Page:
Meanwhile Alberti continued his beloved literary exercises and published in Leiden in 1746 the first part of Hesychius' dictionary. The scholars were not disappointed at the publication, and the book confirmed the great fame of Alberti. He was already far along in writing the second part of the dictionary when, in 1749, he was diagnosed with tuberculosis. The baths of Aachen and Spa, which he visited to find relief, suppressed the disease, but for three years he was unable to work. Even after his slow recovery, he was left with a persistent, partial paralysis of his hands, such that he could barely lift the pages of his books and found it very hard to write. Nevertheless, he continued to work for ten more years. He had finished the complete alphabet of Hesychius except for a few letters, when he succumbed to scarlet fever. The second part of the dictionary of Hesychius appeared in Leyden in 1762 due to the efforts of Ruhnkenius. Alberti had no children with his wife. She was the daughter of Mr. Philips van Ravestein, a man with knowledge in many disciplines.
For almost twenty-two years, Alberti had been a jewel of the University of Leiden. Through his lessons, he made major contributions toward a more accurate theology based on knowledge of the Greek language. His many writings exemplify the versatility of his knowledge. An excellent theologian and one of the best scholars of Biblical hermeneutics of his time, he also was filled with the spirit of Greek literature and with the very essence of it. He even had some skill with the lyre. Furthermore, he was no stranger to the literature and poetry of the Netherlands and succeeded in using this knowledge in his main studies. In his works, many traces of comparative linguistics can be found, clear evidence of his studies of the Dutch language. He was also proficient in Nordic History and Literature. He expressed gratitude toward his teacher, Lambertus Bos, in many of his writings.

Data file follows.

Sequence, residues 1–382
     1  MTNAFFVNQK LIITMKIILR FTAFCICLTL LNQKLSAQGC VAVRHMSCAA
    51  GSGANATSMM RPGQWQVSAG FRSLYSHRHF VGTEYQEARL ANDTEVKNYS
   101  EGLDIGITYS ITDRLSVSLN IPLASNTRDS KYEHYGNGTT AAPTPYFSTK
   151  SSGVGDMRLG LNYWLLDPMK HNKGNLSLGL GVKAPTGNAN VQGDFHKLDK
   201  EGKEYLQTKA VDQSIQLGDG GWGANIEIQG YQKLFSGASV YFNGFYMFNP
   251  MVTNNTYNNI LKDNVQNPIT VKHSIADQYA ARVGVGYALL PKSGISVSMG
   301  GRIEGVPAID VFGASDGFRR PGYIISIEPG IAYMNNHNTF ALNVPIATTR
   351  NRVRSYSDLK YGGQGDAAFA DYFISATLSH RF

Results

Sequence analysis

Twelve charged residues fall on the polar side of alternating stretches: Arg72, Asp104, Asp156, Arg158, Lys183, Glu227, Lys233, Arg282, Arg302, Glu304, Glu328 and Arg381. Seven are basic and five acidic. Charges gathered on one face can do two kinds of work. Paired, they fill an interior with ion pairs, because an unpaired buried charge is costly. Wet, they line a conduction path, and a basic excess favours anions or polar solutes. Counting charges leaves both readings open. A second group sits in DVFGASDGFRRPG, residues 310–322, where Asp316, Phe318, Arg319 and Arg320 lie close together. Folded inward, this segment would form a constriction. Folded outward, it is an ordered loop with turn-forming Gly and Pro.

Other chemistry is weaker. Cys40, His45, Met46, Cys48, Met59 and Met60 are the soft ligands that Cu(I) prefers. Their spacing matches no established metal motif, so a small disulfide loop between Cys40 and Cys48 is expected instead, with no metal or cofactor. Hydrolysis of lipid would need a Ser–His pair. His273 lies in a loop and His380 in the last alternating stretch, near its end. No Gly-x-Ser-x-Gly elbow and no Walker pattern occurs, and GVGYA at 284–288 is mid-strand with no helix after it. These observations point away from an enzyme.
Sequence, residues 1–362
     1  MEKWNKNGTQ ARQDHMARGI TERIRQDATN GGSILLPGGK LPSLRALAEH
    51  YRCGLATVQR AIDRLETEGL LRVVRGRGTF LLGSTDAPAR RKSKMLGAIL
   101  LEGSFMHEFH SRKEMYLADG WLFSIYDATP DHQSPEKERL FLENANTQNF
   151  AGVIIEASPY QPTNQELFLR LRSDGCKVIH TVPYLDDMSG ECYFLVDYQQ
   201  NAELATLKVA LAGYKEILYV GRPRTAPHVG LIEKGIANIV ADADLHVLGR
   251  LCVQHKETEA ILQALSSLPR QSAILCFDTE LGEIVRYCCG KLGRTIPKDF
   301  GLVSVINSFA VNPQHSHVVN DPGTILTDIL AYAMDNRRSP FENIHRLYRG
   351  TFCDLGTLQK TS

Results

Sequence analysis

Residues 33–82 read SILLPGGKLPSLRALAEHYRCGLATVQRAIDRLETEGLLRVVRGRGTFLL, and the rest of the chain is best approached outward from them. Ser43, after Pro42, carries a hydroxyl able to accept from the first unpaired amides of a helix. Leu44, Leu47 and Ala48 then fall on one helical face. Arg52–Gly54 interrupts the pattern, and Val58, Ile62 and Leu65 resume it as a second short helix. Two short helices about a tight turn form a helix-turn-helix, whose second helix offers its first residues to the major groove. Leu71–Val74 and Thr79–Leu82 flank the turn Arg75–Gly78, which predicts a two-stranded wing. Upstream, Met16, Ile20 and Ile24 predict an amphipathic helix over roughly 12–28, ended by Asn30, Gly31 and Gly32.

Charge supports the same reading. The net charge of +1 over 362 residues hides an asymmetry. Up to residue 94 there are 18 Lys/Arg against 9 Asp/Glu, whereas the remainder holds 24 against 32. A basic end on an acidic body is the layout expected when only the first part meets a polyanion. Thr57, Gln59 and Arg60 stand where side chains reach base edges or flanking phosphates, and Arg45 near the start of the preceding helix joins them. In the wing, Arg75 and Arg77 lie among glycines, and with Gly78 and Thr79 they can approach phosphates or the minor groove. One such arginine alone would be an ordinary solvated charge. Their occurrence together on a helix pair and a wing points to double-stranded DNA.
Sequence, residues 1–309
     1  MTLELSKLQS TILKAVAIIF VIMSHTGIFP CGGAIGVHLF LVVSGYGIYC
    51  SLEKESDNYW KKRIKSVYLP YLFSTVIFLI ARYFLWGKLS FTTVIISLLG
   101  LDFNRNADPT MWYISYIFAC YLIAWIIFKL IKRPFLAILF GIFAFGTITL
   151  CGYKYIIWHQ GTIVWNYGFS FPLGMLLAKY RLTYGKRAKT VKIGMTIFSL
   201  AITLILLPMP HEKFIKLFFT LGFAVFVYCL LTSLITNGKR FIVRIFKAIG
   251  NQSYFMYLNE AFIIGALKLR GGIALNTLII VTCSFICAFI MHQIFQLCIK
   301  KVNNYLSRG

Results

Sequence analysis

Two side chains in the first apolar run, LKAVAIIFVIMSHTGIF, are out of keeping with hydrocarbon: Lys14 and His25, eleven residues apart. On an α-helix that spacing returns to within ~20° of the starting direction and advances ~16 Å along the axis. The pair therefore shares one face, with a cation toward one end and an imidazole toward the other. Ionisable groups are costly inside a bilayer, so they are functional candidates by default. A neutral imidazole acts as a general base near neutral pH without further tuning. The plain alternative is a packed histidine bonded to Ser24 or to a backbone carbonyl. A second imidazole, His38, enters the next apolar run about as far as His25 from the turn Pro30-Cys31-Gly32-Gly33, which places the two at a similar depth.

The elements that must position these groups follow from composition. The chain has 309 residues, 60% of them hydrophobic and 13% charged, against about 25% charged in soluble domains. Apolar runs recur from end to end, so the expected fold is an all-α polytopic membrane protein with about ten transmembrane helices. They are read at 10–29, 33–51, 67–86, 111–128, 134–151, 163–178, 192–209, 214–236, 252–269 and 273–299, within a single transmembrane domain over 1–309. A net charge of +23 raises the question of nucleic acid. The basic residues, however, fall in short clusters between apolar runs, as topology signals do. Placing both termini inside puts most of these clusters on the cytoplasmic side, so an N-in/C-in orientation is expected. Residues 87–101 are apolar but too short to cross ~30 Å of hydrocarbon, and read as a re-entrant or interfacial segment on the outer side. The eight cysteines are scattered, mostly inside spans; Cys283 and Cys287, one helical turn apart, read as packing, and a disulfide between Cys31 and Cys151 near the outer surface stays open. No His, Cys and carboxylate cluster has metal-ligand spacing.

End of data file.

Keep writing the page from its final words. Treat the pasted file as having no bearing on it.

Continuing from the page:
He helped other scholars by making all the manuscripts that he owned available to all linguists. The following examples provide evidence of this helpfulness. When the Frisian scholar, Gijsbert Koen, worked on a publication of Gregory of Corinth, it was through Alberti that he received an important manuscript of his literary work from Basel. When Alberti heard that Johannes Pierson, the rector of Leeuwarden, was working on an edition of Moeris Atticista, he sent, without invitation, his own manuscript version of a very accurate comparison with the Leiden manuscript, previously owned by Gerhard Johann Vossius.
- Johann Samuel Ersch and Johann Gottfried Gruber: Allgemeine Encyclopädie der Wissenschaften und Künste. Johann Friedrich Gleditsch, Leipzig, 1819, 1st section, Vol. 2, p. 363 (online)